July 1, 2021

Stay focused on safety this 4th of July

Fireworks can cause serious damage to hands and eyes. Here’s what you can do to keep yourself, and your children, safe.

July-4th-fireworks July 4th fireworks better left to experts

With cities opening up after a 16-month closure due to COVID-19 restrictions, many are anticipating larger-than-life celebrations to fill the skies over the coming days to mark Independence Day.

As people commemorate the national holiday, eye and hand surgery experts at Vanderbilt University Medical Center urge caution when handling fireworks.

“While fireworks can be enjoyable to watch, they can be extremely dangerous,” said Sylvia Groth, MD, assistant professor at Vanderbilt Eye Institute. “We just want to remind people that you can experience devastating vision loss if you are not properly handling fireworks.”

During a 12-hour period in 2020, Groth and her team treated 11 firework injuries. The majority were children.

“We are not talking about a bit of singeing of eyelashes,” she stressed. “We treated injuries from projectile fireworks. These patients will be forever impacted by their injuries.”

Many think sparklers are a safe alternative, but they are responsible for most injuries in children 5 years old and younger. Sparklers burn at about 2,000 degrees — hot enough to melt some metals — and can quickly ignite clothing and cause severe burns to the face, hands and feet.

Groth said injuries ranged from chemical burns with cornea involvement, lid lacerations, orbital floor fractures (blowout fractures) and ruptured globes (meaning the eye was cut open).

An adult patient treated the evening of July 4, 2020, said he learned the hard way about the dangers of fireworks at home.

“We were shooting fireworks like we do every year, and one of the big mortars didn’t shoot off like it was supposed to,” said the patient who asked to remain anonymous. “Part of the firework got into my left eye when it exploded on the ground in front of me. My children were freaking out because of the blood coming from my eye, running down the side of my face.

“Fireworks are not for kids. I’d caution people to stay away from them completely, but if people are going to do them, use safety glasses. It would not have prevented my accident, but it would have protected my eyes.”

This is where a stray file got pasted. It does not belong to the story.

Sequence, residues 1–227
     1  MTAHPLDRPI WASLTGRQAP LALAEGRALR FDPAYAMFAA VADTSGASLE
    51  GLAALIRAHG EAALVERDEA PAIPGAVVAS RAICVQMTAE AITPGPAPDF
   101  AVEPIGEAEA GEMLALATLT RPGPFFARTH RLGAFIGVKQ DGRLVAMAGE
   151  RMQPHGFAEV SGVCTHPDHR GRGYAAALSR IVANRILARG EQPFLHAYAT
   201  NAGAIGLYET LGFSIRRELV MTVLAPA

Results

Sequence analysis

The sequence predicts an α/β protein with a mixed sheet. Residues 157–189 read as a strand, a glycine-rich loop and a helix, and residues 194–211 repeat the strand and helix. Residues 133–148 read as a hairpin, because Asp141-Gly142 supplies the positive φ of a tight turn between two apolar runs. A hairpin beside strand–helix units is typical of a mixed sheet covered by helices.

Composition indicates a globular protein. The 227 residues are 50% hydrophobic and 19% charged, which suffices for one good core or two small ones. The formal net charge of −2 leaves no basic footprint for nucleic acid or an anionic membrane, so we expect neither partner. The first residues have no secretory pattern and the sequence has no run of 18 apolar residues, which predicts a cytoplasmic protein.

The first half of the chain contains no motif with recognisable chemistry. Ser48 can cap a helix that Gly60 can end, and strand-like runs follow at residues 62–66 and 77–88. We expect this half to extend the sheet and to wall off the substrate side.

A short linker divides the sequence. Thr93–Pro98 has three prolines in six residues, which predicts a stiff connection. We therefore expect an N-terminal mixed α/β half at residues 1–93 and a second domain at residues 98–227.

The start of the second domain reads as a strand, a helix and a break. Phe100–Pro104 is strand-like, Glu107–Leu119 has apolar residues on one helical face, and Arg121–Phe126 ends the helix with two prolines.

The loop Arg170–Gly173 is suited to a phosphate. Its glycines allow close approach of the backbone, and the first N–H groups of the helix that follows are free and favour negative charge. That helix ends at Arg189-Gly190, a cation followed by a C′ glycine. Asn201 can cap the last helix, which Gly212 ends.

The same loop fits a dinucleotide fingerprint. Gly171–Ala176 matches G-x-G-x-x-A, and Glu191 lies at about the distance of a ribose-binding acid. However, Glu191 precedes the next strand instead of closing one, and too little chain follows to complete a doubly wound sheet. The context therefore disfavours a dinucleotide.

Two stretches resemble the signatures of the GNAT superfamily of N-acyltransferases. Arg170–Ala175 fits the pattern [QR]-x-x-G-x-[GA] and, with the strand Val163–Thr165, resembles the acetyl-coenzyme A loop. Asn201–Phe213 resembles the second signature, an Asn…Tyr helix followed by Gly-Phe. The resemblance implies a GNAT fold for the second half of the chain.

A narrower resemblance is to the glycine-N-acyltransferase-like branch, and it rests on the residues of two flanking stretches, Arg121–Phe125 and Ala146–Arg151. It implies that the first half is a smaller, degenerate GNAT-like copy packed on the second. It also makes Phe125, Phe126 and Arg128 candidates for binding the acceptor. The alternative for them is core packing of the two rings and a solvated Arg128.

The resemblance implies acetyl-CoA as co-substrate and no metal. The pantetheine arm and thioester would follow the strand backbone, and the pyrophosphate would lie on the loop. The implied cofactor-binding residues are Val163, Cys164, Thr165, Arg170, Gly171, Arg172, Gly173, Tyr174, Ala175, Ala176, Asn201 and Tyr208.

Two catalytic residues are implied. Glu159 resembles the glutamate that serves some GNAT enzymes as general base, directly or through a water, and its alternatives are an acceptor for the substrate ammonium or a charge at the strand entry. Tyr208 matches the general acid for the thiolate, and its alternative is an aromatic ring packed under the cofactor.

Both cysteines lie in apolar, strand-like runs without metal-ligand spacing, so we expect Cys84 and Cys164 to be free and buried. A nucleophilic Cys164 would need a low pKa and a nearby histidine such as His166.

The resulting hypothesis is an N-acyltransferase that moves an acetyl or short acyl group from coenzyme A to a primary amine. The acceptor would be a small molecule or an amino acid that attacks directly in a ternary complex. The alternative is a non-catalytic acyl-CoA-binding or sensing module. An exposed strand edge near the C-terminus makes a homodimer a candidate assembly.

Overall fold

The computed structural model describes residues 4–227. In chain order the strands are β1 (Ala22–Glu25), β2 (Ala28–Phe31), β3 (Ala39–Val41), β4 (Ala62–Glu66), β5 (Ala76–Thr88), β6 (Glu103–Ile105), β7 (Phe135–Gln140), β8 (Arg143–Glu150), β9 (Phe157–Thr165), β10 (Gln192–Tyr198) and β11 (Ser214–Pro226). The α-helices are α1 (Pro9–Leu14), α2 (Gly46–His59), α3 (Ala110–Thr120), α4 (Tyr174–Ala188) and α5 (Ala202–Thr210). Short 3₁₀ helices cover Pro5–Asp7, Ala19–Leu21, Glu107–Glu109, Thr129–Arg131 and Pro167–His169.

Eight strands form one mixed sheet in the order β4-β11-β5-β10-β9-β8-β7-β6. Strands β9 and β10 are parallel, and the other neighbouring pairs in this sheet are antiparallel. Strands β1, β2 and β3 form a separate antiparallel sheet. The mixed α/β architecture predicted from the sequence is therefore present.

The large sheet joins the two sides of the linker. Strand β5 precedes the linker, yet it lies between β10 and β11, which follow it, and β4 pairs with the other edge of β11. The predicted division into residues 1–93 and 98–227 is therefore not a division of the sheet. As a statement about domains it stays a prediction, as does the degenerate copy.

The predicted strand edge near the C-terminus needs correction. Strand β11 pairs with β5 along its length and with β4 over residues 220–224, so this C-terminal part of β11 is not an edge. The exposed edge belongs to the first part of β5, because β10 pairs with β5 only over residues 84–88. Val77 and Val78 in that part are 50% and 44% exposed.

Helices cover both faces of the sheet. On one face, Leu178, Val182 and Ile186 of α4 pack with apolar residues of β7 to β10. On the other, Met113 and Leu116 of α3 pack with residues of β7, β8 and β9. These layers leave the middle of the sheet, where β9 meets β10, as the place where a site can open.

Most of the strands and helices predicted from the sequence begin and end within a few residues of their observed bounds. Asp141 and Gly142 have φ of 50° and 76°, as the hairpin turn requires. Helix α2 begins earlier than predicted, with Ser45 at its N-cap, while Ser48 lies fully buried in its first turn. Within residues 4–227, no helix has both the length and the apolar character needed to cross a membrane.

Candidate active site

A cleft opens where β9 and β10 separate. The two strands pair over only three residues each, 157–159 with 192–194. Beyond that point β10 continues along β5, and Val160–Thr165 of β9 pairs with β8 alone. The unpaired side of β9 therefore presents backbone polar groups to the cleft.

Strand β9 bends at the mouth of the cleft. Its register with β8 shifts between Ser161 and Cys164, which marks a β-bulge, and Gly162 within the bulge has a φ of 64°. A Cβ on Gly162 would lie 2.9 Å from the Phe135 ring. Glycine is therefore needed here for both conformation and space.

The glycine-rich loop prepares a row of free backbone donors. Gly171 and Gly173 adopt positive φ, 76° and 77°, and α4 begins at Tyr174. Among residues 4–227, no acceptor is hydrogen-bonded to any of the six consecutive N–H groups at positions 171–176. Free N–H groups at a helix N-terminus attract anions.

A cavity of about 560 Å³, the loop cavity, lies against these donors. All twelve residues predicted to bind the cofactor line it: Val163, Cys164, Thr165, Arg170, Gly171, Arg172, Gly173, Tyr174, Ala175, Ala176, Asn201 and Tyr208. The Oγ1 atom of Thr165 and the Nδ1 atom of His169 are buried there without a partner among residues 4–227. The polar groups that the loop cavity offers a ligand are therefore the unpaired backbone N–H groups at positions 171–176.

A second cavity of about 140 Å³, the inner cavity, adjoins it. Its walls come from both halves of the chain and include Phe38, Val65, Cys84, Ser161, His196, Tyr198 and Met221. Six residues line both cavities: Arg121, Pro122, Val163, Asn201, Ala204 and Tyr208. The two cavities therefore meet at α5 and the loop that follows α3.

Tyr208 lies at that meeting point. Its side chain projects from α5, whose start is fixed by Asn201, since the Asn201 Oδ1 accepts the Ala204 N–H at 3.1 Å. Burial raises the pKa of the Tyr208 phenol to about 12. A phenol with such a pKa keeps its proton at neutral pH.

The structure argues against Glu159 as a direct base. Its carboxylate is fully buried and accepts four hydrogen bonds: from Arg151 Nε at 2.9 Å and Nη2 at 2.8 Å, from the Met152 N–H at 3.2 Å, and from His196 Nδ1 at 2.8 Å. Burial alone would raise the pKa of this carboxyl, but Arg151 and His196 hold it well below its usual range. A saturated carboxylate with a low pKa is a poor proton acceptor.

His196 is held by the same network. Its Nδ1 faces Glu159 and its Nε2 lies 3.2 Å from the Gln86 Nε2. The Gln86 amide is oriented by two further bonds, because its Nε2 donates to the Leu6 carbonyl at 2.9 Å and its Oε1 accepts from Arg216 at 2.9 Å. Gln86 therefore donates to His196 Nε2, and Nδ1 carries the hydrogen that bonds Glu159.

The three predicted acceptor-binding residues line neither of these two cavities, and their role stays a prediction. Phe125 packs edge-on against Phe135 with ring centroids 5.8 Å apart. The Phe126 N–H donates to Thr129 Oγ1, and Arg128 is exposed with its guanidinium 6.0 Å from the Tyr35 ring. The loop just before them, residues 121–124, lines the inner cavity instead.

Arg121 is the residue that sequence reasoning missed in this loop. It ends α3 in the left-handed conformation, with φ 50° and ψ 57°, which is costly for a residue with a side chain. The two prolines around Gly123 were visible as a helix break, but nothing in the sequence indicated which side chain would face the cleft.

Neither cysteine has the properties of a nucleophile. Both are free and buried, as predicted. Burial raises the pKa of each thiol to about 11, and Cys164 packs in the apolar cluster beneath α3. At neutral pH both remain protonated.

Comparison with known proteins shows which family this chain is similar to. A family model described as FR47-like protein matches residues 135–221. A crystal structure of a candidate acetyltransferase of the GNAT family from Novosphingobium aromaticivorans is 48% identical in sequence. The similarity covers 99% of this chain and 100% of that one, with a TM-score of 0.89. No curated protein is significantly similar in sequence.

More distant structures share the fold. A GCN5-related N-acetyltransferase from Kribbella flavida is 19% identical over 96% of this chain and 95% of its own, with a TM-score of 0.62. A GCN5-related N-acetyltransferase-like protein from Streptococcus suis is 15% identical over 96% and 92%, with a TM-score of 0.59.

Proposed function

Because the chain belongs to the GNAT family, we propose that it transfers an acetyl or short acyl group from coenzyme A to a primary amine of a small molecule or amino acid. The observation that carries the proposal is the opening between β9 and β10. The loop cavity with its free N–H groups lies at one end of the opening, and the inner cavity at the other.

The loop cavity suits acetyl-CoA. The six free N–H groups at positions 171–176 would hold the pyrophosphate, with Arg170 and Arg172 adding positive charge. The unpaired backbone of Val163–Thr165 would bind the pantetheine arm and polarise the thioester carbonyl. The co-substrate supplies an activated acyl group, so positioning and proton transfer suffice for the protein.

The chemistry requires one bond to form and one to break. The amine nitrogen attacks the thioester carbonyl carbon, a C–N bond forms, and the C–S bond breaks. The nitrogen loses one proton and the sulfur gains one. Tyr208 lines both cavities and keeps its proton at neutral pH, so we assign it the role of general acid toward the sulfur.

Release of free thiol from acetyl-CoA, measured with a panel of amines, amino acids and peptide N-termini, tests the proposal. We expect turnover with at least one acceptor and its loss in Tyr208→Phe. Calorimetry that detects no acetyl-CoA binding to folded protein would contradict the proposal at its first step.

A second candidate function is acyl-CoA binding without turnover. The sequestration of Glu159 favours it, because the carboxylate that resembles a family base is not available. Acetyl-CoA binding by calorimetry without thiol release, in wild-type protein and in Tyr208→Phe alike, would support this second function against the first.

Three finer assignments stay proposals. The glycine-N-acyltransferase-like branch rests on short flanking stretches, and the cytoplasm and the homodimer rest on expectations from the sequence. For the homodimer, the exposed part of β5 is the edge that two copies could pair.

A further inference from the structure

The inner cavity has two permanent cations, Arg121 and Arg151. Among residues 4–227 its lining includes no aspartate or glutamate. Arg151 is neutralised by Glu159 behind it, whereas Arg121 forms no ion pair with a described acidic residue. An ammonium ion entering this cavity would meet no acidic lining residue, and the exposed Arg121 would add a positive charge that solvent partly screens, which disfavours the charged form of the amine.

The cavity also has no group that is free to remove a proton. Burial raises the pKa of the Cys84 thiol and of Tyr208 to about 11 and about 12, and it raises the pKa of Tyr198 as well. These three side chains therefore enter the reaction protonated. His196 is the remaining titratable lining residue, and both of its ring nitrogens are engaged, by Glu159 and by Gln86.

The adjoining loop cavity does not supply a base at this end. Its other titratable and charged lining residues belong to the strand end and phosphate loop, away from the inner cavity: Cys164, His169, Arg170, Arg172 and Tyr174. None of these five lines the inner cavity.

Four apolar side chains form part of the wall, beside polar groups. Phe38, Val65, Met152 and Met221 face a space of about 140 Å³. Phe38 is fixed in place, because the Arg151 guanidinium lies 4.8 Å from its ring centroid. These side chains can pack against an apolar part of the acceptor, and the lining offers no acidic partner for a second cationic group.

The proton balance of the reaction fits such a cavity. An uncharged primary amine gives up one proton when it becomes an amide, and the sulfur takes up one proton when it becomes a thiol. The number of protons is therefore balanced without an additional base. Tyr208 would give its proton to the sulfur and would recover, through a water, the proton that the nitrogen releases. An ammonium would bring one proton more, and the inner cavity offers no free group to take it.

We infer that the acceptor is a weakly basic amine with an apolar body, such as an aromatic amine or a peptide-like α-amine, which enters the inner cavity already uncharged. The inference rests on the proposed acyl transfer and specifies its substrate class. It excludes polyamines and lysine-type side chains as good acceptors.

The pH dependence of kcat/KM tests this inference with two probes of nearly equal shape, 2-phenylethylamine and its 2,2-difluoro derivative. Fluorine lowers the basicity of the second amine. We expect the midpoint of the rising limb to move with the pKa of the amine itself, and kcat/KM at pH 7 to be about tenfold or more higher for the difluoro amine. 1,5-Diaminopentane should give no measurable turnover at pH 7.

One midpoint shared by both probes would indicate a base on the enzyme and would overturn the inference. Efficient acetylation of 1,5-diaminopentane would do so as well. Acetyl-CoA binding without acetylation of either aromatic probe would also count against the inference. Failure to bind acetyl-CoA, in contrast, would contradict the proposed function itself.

Groth agrees, stressing that protective goggles or clear shatter-proof protective glasses are recommended when handling fireworks, and groups “should not shoot them at each other. They are not toys.”

Brinkley Sandvall, MD, assistant professor of Plastic Surgery, Division of Hand and Upper Extremity Surgery at Monroe Carell Jr. Children’s Hospital at Vanderbilt, said most fireworks injuries impact the hand, face and/or eyes.

“Injuries have been reported with every fireworks type,” Sandvall said. “Shells and mortars tend to cause the most devastating injuries, but all fireworks are dangerous — to both active users and to bystanders.”

Sandvall said children are most often bystanders.

“In both children and adults, severe hand injuries from fireworks often affect multiple fingers and cause broken bones as well as injuries to muscles, tendons, nerves and skin,” said Sandvall. “Many of these injuries require prolonged hospital stays and multiple surgeries, and result in amputation, stiffness and long-term impairment.”

The National Safety Council offers the following tips:

  • Never allow young children to handle fireworks.
  • Anyone using fireworks or standing nearby should wear protective eyewear.
  • Never hold lighted fireworks in your hands.
  • Only use them away from people, houses and flammable material.
  • Only light one firework at a time and maintain a safe distance after lighting.
  • Do not try to re-light or handle malfunctioning fireworks.
  • Soak both spent and unused fireworks in water for a few hours before discarding.
  • Keep a bucket of water nearby to fully extinguish fireworks that don’t go off, or in case of fire.